Chuck Norris grill and Joe and the Juice.

Catch Jói Pé x Króli on Wednesday at Bryggjan Brugghús (18:00) and Reykjavíks Art Museum (23:30), Thursday at Græni Haturinn in Akureyri (23:00), Friday at Alda Hótel (15:00), Kaffihús Vesturbæjar (16:30), Slippbarinn (17:45) and Húrra (02:00), and on Saturday at American Bar (14:00) and Viking Brewery Reykjavík (18:00). Follow them on Spotify.


Three-piece stoner band has been making (sludgy) waves for years, alternating between playing on bills with heavy rock and metal outfits, and artsy indie bands. After playing on the off-venue for ages, Godchilla finally made it onto the main bill, from where they will try to rock everyone’s socks off.

Where in Iceland are you from?
We have been described in the past as the ‘the best sludge band from Flúðir’ (population ca. 450). Two of us are from near-Flúðir in the deep south of Iceland and our drummer’s from 105 Reykjavík representin’.

When did you start making music?
All of us started playing in garage bands in our early teens. Biggi and Hjalti have been playing together since they were 14. Godchilla in it’s final form started playing together late 2013.

Describe your sound
Let’s just say if our sound was a pokémon, it would be some sort of Gengar/Hypno hybrid. Spectral and hypnagogic surf sludge, in other words.

Godchilla Pokeman card

Why should we come see you at Airwaves?
If you are in the mood to rock and/or roll, we can probably scratch your itch.

Who else should we check out?
Skelkur í Bringu is the Icelandic garage punk version of Melt-Banana led by Steinunn Eldflaug a.k.a. dj airplane and spaceship.

Indriði from hc/punk legends Muck does some super cool Kurt Vile-esque stuff along with some weirdo noise-techno.

Kuldaboli is Iceland’s freezing answer to Drexciya and all dat Gerald Donald Detroit techno. Dance-tastic angst for insomniacs.

Lord Pusswhip, our Dracoola-boy will fulfill all your horror trap beat-needs.

Pink Street Boys is some of the best real-sleaze dirty-sock garage rock you can find.

And of course ROHT! They’re the sonic equivalent of a rusty bulldozer running over Iceland’s shitty patriarchy at 200 km/h. The Friday night combo of them and Kælan Mikla is not to be missed.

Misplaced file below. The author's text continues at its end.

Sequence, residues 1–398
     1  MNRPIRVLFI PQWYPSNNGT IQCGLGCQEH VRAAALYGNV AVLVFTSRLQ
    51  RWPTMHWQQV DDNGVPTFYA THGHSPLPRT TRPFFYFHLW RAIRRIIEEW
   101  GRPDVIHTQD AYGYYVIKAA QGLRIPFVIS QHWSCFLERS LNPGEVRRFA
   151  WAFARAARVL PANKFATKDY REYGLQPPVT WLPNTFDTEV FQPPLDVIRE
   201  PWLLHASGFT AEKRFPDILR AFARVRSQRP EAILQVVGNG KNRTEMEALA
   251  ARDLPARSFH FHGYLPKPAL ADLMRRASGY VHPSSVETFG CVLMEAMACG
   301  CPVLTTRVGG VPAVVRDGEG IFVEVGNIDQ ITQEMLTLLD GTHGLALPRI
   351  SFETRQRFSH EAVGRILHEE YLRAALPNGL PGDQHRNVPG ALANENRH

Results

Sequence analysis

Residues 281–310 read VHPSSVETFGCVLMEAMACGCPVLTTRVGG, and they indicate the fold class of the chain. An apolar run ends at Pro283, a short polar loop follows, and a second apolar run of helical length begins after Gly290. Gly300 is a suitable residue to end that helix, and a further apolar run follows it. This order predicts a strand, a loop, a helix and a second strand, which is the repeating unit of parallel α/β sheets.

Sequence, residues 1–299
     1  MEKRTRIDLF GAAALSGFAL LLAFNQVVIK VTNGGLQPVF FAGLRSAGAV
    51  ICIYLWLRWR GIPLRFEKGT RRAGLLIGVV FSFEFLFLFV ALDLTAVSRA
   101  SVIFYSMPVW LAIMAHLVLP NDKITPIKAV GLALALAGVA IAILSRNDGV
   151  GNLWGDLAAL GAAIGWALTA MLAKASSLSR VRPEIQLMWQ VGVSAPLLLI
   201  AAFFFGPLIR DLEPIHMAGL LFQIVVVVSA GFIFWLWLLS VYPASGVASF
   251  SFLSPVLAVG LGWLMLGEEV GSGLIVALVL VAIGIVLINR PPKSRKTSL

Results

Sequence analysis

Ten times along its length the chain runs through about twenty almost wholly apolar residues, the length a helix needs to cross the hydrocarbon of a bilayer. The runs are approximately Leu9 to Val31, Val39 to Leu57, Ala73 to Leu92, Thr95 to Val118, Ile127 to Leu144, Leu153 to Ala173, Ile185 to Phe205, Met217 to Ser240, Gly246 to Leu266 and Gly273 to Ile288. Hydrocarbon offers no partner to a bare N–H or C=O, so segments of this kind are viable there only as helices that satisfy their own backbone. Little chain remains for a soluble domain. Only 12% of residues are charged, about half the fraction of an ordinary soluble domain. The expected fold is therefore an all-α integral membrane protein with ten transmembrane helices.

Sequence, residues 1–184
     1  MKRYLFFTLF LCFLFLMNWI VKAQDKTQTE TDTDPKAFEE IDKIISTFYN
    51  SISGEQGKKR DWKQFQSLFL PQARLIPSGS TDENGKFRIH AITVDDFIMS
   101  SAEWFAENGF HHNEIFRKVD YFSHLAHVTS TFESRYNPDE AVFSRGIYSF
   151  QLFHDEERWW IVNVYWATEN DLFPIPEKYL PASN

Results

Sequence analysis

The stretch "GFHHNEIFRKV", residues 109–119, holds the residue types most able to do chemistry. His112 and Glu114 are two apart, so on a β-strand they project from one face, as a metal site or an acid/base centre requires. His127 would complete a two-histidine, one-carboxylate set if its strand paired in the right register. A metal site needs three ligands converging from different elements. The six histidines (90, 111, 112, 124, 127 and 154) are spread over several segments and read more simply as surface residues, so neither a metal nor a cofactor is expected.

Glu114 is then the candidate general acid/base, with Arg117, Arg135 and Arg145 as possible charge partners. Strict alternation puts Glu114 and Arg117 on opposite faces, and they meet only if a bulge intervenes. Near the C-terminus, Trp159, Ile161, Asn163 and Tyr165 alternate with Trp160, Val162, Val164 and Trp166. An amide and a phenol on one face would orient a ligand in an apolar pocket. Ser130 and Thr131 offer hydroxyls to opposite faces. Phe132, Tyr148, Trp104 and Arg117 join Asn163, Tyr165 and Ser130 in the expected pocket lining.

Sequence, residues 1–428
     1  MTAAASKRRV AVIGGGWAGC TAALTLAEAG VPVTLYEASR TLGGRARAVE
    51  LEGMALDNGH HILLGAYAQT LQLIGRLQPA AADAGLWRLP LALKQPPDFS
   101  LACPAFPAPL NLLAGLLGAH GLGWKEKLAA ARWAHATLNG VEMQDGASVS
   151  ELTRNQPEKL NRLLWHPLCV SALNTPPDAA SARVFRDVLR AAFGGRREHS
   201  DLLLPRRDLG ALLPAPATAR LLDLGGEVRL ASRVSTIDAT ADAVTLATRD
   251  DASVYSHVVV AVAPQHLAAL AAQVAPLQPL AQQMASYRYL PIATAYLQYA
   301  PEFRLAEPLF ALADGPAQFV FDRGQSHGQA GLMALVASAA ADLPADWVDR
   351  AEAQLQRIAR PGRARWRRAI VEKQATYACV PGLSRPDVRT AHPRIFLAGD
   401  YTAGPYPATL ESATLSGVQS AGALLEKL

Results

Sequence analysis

We’re also looking forward for the whole night after we play on Thursday @ Gamla Bíó, loads of POW HAMMER SMASH stuff.

Where should we go during the day to nurse our Airwaves hangover?
: Go sea swimming (down at Grandi or Nauthólsvík beach).
Biggi: Whatever you do and wherever you go, remember to stay hydrated.
Hjalti: Get some stupid idea and go too far towards making it a reality. For example, you could lease a storefront across the street from the penis museum, with the intention of opening up a butt museum there. Then get crunked.

Catch Godchilla on Thursday at Gamla Bíó (19:40) and on Saturday at Loft (17:30). Follow them on YouTube.


The former guitarist of hardcore legends Muck, Indriði’s solo career has been marked less by face-melting riffs and growling vocals, and more by introspective dreamy psychedelia. He’s been around for a while and released his debut ‘Makril’ last year, but since moving to Berlin it seems like his solo career has started taking shape. 2017 might be his breakthrough year.

Where in Iceland are you from?
101 RVK.

When did you start making music?
Some Danish couch surfer taught me how to play Smoke On The Water on my mom’s mandolin when i was a kid, next christmas i got a guitar, then when the world of music programs and computers opened up i fell in very deep.

Describe your sound
It's very tight, but very soft. Dreamy floaty upbeat tender rock and roll.

Why should we come see you at Airwaves?
Because my band is AMAZING. Just got back from bandcamp in Germany and it got me super excited. I'll be joined by protopunk band Balagan, Theremin wizard Hekla Magnúsdóttir and perc-tastic Gylfi Sigurðsson.

Who else should we check out?
Go see Hekla Magnúsdóttir and Balgan, they are also doing their own solo sets on the off-venue program and both acts are truly the coolest stuff happening in each worlds.

Where should we go during the day to nurse our Airwaves hangover?
Take a walk in Öskjuhlíðin. Google it! Xox.

Catch Indriði on Wednesday at Hlemmur Square (18:00) and Hverfisbarinn (00:20), Thursday at Jörgensen Kitchen & Bar (18:00) and Iðnó (20:50), and Saturday at Bíó Paraís (19:00), Follow Indriði on Facebook.

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While the Icelandic music scene is generally known for dreamy elf pop and poetic rap, there is also a vibrant brütal punk undercurrent. ROHT, the hardcore noise outfit making its debut at Airwaves this year, comes from this scene, and is brutish, ghastly, terrifying and loud; in other words absolutely brilliant.